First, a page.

(a) The immigration judge may request, in his or her discretion, specific comments from the Department of State regarding individual cases or types of claims under consideration, or such other information as an immigration judge deems appropriate.
(b) With respect to any asylum application, the Department of State may provide, at its discretion, to the Immigration Court:
(1) Detailed country conditions information relevant to eligibility for asylum, withholding of removal under section 241(b)(3) of the Act, and withholding of removal under the Convention Against Torture;
(2) An assessment of the accuracy of the applicant's assertions about conditions in the applicant's country of nationality or habitual residence and the applicant's particular situation;
(3) Information about whether persons who are similarly situated to the applicant are persecuted or tortured in their respective country of nationality or habitual residence and the frequency of such persecution or torture; or
(4) Such other information as it deems relevant.
(c) Any comments received pursuant to paragraph (b) of this section shall be made part of the record. Unless the comments are classified under the applicable Executive Order, the applicant shall be provided an opportunity to review and respond to such comments prior to the issuance of any decision to deny the application.
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PART 1240—PROCEEDINGS TO DETERMINE REMOVABILITY OF ALIENS IN THE UNITED STATES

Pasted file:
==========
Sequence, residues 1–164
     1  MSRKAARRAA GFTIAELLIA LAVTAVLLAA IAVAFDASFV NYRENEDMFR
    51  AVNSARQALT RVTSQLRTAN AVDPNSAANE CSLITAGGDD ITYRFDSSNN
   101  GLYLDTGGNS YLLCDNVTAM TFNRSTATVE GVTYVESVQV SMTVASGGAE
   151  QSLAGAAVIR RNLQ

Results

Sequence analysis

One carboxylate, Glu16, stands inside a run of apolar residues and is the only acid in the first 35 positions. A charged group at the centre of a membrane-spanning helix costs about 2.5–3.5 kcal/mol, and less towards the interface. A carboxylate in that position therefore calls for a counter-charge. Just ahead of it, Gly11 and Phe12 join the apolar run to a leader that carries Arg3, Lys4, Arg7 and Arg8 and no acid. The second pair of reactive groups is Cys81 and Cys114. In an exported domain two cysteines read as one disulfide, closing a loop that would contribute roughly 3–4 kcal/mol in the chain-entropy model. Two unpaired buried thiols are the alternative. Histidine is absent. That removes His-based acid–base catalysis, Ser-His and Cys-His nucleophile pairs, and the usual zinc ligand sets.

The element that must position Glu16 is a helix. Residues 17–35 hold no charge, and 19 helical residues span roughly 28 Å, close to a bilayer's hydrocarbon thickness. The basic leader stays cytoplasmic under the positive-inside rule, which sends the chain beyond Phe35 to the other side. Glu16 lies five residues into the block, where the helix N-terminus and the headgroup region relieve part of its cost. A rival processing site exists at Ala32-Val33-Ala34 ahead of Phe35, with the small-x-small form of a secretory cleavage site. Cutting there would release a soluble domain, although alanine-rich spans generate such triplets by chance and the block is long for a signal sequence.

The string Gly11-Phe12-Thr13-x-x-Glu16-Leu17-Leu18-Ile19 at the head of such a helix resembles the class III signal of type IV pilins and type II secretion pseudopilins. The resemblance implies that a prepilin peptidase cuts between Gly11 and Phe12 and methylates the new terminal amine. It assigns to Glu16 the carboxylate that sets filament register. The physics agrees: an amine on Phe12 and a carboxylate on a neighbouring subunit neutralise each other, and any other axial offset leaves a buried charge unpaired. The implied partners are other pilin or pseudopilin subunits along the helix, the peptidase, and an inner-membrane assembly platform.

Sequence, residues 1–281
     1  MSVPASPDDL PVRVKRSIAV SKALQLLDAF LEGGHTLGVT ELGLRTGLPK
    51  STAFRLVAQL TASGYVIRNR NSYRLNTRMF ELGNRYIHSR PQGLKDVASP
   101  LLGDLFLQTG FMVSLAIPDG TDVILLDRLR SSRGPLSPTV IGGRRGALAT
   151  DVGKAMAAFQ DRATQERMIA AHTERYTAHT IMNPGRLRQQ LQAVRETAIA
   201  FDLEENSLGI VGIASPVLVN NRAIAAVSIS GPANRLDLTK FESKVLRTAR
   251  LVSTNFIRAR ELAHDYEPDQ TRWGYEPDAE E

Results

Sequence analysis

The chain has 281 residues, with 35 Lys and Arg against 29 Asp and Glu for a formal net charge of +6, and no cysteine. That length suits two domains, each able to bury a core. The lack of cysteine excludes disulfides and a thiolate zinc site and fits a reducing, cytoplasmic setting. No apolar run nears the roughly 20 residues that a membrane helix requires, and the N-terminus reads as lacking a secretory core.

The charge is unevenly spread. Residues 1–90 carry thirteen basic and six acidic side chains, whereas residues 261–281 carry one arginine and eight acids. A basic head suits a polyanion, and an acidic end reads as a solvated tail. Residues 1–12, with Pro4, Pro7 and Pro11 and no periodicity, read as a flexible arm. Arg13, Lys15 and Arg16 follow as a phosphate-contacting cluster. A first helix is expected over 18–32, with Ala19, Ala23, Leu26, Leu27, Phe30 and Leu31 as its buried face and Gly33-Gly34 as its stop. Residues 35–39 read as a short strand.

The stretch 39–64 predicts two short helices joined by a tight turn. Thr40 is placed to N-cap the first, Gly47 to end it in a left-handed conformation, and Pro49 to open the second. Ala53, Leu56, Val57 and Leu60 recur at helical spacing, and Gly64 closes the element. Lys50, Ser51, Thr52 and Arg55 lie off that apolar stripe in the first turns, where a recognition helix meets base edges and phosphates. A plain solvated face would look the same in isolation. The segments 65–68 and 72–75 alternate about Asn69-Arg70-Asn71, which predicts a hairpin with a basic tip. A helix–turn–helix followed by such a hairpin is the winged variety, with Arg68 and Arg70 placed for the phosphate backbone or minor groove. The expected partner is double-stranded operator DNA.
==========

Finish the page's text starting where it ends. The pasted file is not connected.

3. The authority citation for part 1240 continues to read:
4. Amend § 1240.11 by revising paragraph (c)(2) to read as follows:
Ancillary matters, applications.
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(c) * * *
(2) An application for asylum or withholding of removal must be filed with the Immigration Court, pursuant to § 1208.4(b) of this chapter. Upon receipt of an application, the Immigration Court may forward a copy to the Department of State pursuant to § 1208.11 of this chapter and shall calendar the case for a hearing. The reply, if any, from the Department of State, unless classified under the applicable Executive Order, shall be given to both the alien and to DHS counsel and shall be included in the record.
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5. Amend § 1240.33 by revising paragraph (b) to read as follows:
Applications for asylum or withholding of deportation.
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(b) An application for asylum or withholding of deportation must be filed with the Immigration Court, pursuant to § 1208.4(b) of this chapter. Upon receipt of an application, the Immigration Court may forward a copy to the Department of State pursuant to § 1208.11 of this chapter and shall calendar the case for a hearing. The reply, if any, from the Department of State, unless classified under the applicable Executive Order, shall be given to both the applicant and to DHS counsel and shall be included in the record.
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6. Amend § 1240.49 by revising paragraph (c)(3) to read as follows:
Ancillary matters, applications.
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(c) * * *
(3) An application for asylum or withholding of deportation must be filed with the Immigration Court, pursuant to § 1208.4(b) of this chapter. Upon receipt of an application, the Immigration Court may forward a copy to the Department of State pursuant to § 1208.11 of this chapter and shall calendar the case for a hearing. The reply, if any, of the Department of State, unless classified under the applicable Executive Order, shall be given to both the applicant and to DHS counsel and shall be included in the record.
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Dated: October 21, 2011.
Eric H. Holder, Jr.,
[FR Doc. 2011-28117 Filed 10-28-11; 8:45 am]